3 Big Tech CEOs, 3 ways of spinning privacy
- Fast Company
Traditionally, developer conferences are meant to get developers fired up about building stuff on some tech company’s technology platform. These days it’s a little more complicated.
I’ve already been to two of
They’re talking to advertisers. At least in Facebook’s and Google’s cases, legions of marketing and advertising types are listening to find out the future of their go-to platforms for reaching customers. They too are dancing delicately, if far less publicly, around personal privacy, and they want to know what privacy concessions might be made by the companies that could effect the potency of the targeting data, and the industry’s data practices as a whole.
Facebook’s Mark Zuckerberg, Google’s Sundar Pichai, and Microsoft’s Satya Nadella approached the privacy issue in somewhat different ways, but they all shrewdly addressed the same audiences.
Facebook’s privacy turn
At Facebook’s F8, CEO Mark Zuckerberg believes Facebook’s world-uniting power is temporarily being overshadowed by its harmful by-products–like its enabling of mass incivility, election tampering, and large-scale erosion of personal privacy. (Zuckerberg’s F8 joke that his company doesn’t have a great record on privacy fell painfully flat, in perhaps the most poignant demonstration of the CEO’s disconnect from real life.) He then talked in sincere tones about the changes his company would make to rebuild itself around private interactions between members, as opposed to open and social ones.
“I believe the future is private,” Zuckerberg said. “We should have private messaging, groups, payments, and private ways to share location–the private parts of our social network will be more important than our digital town squares.”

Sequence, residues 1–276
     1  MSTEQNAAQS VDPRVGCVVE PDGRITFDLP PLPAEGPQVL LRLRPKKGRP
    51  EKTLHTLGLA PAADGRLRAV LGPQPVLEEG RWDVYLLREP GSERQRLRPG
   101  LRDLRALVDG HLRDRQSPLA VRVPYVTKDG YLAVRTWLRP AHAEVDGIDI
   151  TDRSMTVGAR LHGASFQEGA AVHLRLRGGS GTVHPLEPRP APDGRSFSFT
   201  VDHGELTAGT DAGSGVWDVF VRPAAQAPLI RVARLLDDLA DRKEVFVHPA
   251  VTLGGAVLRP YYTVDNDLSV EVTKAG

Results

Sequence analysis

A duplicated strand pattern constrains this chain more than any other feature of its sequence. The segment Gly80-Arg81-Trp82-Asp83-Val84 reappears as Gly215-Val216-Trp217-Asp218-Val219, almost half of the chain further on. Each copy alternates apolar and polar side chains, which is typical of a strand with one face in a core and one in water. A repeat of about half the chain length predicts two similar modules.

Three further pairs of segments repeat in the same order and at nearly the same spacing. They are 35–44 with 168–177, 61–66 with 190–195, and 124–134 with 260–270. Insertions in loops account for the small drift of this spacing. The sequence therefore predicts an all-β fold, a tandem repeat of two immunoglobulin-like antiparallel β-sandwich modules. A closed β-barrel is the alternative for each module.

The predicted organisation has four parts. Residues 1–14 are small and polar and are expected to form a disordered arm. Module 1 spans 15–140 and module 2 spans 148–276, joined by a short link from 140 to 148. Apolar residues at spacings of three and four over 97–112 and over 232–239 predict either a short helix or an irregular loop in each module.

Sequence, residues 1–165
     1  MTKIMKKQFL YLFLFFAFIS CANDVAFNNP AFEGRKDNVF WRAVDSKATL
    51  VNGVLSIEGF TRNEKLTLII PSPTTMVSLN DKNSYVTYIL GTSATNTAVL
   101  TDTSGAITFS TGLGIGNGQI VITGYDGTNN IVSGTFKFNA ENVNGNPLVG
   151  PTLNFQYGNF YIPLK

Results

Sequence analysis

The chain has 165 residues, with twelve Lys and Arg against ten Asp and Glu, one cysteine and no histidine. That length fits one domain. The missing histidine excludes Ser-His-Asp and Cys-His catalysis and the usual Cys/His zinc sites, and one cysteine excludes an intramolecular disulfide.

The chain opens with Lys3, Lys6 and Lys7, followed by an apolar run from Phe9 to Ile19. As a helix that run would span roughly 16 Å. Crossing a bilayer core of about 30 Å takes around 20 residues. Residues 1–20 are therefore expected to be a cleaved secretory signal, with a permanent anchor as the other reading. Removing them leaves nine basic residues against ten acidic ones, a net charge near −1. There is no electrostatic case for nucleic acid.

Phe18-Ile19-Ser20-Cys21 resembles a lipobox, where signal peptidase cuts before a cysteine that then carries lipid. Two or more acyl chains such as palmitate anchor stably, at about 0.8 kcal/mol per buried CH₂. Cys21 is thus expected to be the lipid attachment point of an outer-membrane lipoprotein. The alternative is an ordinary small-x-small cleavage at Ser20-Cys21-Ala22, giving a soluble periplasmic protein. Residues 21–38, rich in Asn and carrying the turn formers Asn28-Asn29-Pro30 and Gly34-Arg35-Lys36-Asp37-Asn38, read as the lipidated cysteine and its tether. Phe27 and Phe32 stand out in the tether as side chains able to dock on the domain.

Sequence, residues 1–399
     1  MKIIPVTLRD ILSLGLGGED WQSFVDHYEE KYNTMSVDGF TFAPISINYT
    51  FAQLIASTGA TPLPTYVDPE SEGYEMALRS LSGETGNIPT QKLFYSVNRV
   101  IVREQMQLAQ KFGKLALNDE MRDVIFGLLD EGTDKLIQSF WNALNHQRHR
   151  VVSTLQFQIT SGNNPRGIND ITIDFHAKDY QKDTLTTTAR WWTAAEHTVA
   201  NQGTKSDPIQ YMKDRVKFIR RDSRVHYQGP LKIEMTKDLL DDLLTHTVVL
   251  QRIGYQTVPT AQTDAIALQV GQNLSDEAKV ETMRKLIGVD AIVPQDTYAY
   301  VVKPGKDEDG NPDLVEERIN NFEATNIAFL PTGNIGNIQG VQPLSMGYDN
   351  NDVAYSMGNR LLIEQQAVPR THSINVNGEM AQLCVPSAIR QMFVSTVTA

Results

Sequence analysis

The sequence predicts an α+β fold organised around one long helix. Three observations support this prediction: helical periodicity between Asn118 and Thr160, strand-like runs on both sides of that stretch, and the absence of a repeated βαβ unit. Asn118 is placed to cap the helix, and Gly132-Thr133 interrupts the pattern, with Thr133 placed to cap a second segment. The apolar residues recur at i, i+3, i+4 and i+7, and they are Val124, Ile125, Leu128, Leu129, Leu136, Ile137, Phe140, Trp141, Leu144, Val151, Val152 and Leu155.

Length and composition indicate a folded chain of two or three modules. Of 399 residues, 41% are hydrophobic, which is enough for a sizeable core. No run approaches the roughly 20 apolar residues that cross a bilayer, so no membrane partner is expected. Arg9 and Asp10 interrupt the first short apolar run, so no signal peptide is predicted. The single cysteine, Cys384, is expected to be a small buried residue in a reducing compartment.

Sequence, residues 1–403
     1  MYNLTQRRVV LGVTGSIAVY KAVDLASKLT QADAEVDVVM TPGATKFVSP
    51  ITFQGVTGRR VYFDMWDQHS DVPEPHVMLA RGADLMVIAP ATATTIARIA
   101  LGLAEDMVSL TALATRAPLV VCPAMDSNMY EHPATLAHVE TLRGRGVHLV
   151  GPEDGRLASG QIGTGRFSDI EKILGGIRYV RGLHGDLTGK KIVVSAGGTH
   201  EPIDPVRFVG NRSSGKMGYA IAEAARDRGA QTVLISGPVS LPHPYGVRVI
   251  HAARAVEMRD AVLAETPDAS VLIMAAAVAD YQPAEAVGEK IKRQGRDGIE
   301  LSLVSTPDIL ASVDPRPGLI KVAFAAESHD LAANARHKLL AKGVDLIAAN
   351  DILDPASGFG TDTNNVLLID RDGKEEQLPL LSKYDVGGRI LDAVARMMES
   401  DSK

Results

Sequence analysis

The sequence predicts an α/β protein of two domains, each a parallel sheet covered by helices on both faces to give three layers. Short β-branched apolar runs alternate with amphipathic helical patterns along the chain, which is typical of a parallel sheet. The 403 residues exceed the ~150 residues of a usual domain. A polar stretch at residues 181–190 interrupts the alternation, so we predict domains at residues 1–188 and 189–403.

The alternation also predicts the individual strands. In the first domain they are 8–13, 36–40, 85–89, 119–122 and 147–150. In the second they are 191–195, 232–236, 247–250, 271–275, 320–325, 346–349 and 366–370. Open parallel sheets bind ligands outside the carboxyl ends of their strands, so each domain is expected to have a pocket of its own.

It sounded sincere. But while Zuckerberg said ephemeral (disappearing) messages were part of Facebook’s overall privacy vision, he didn’t say when or if Messenger or Instagram Direct or WhatsApp would support them. While WhatsApp supports end-to-end encryption already, Zuck said Messenger and Instagram Direct would get it, too, but never said when. Just like he didn’t say when in 2018 with the announcement of Clear History, which has never been heard from again. Same story with the Data Transfer Project portability feature. More than a week after the event, it all seems a bit, well, ephemeral.
Facebook announced a redesign to its core Facebook app that seems to play up the Groups feature. This appears to be the follow-through on the announcement the company made in 2018 in the wake of the Cambridge Analytica data scandal that it would put “meaningful content” from friends, family, and groups front and center. But there’s no significant proof Facebook users are flocking over to Groups from the open social network.